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Flagstaff, AZ, United States

Li G.,City of Hope National Medical Center | Warden C.,City of Hope National Medical Center | Zou Z.,City of Hope National Medical Center | Neman J.,City of Hope National Medical Center | And 4 more authors.

The Polycomb group (PcG) proteins play a critical role in histone mediated epigenetics which has been implicated in the malignant evolution of glioblastoma multiforme (GBM). By systematically interrogating The Cancer Genome Atlas (TCGA), we discovered widespread aberrant expression of the PcG members in GBM samples compared to normal brain. The most striking differences were upregulation of EZH2, PHF19, CBX8 and PHC2 and downregulation of CBX7, CBX6, EZH1 and RYBP. Interestingly, changes in EZH2, PHF19, CBX7, CBX6 and EZH1 occurred progressively as astrocytoma grade increased. We validated the aberrant expression of CBX6, CBX7, CBX8 and EZH2 in GBM cell lines by Western blotting and qRT-PCR, and further the aberrant expression of CBX6 in GBM tissue samples by immunohistochemical staining. To determine if there was functional significance to the diminished CBX6 levels in GBM, CBX6 was overexpressed in GBM cells resulting in decreased proliferative capacity. In conclusion, aberrant expression of PcG proteins in GBMs may play a role in the development or maintenance of the malignancy. © 2013 Li et al. Source

Lange H.,Flagship Biosciences
Laboratory Medicine

Digital pathology is a new technology and industry. Official agencies, including the Clinical Laboratory Improvement Amendments (CLIA), the College of American Pathologists (CAP), and the U.S. Food and Drug Administration (FDA), provide little guidance, and manufacturers still have to learn what it means to provide instruments to a clinical laboratory.With digital pathology now entering clinical laboratories, it is crucial for physicians and laboratory professionals to understand the regulatory requirements and how to best implement them in their clinical laboratories. The goal of this article is to provide those professionals with a comprehensive regulatory overview and a reference framework for their future work in digital pathology. This article presents the different regulatory requirements separately-first for clinical laboratories and then for medical device manufacturers. Source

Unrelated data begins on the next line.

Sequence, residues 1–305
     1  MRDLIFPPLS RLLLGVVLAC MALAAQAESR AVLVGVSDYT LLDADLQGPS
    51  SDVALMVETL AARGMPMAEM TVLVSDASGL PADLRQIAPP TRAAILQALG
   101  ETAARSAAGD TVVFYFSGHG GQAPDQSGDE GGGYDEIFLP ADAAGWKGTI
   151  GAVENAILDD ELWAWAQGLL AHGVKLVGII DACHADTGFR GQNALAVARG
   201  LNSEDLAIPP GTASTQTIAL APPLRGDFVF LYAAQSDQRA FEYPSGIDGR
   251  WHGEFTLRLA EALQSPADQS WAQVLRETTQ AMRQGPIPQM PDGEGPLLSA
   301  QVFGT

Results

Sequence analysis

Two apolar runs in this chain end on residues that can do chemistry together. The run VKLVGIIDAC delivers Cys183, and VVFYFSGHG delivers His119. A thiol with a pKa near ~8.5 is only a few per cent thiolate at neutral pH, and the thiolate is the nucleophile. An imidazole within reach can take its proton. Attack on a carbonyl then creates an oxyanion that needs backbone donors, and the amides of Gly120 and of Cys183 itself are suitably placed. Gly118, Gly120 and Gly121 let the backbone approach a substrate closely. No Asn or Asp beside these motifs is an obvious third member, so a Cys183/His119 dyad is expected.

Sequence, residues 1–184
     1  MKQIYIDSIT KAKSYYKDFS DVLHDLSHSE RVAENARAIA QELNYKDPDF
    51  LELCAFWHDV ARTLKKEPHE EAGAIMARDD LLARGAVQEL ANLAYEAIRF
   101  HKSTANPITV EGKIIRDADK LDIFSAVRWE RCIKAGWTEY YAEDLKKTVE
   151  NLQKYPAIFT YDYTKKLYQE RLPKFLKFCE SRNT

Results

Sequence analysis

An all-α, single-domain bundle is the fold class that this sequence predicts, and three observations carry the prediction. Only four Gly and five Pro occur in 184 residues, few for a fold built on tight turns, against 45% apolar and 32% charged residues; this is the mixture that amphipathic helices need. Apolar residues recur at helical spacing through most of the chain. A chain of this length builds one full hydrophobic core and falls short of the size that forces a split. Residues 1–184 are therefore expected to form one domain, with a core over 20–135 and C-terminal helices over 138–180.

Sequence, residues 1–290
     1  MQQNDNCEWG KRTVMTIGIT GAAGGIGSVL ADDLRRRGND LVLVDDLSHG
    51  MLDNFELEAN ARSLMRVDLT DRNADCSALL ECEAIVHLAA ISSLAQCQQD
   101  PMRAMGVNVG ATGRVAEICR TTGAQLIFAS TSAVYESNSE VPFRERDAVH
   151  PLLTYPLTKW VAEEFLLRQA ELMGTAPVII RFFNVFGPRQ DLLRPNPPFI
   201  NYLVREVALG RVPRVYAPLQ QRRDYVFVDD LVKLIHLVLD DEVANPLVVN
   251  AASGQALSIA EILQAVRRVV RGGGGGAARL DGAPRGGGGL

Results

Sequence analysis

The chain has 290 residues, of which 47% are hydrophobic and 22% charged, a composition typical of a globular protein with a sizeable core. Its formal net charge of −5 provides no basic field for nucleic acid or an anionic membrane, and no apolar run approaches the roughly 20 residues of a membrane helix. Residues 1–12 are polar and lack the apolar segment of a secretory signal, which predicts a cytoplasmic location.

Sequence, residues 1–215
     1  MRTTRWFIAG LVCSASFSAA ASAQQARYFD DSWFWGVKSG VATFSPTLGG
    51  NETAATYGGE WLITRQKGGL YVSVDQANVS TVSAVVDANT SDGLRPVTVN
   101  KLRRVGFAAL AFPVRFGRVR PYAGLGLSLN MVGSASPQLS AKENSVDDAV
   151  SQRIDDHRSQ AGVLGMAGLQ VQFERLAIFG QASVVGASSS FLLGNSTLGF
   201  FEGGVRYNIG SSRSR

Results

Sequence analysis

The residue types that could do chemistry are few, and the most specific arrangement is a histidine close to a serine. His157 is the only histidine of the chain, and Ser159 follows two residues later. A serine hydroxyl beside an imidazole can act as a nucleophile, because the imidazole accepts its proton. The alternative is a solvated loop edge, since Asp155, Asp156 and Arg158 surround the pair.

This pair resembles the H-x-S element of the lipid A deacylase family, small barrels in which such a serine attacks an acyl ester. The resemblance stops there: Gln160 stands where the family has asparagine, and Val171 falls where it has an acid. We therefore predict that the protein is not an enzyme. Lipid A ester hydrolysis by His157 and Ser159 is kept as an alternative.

Suraneni M.V.,University of Texas | Suraneni M.V.,Flagship Biosciences | Moore J.R.,University of Texas | Zhang D.,University of Texas | And 6 more authors.
Cell Cycle

15-Lipoxygenase-2 (15-LOX2) is a human-specific lipid-peroxidizing enzyme most prominently expressed in epithelial cells of normal human prostate but downregulated or completely lost in > 70% of prostate cancer (PCa) cases. Transgenic expression of 15-LOX2 in the mouse prostate surprisingly causes hyperplasia. Here we first provide evidence that 15-LOX2-induced prostatic hyperplasia does not progress to PCa even in p53+/- or p53 -/- background. More important, by generating 15-LOX2; Hi-Myc double transgenic (dTg) mice, we show that 15-LOX2 expression inhibits Myc-induced PCa development, such that in the 3-month- and 6-month-old dTg mice, there is a significant reduction in prostate intraneoplasia (PIN) and PCa prevalent in age-matched Hi-Myc prostates. The dTg prostates show increased cell senescence and expression of several senescence-associated molecules, including p27, phosphorylated Rb, and Rb1cc1. We further show that in HPCa, 15-LOX2 and c-Myc manifest reciprocal protein expression patterns. Moreover, RB1CC1 accumulates in senescing normal human prostate (NHP) cells, and in both NHP and RWPE-1 cells, the 15-LOX2 metabolic products 15(S)-HPETE and 15(S)-HETE induce RB1CC1. We finally show that unlike 15-LOX2, RB1CC1 is not lost but rather frequently overexpressed in PCa samples. RB1CC1 knockdown in PC3 cells enhances clonal growth in vitro and tumor growth in vivo. Together, our present studies provide evidence for tumor-suppressive functions for both 15-LOX2 and RB1CC1. © 2014 Landes Bioscience. Source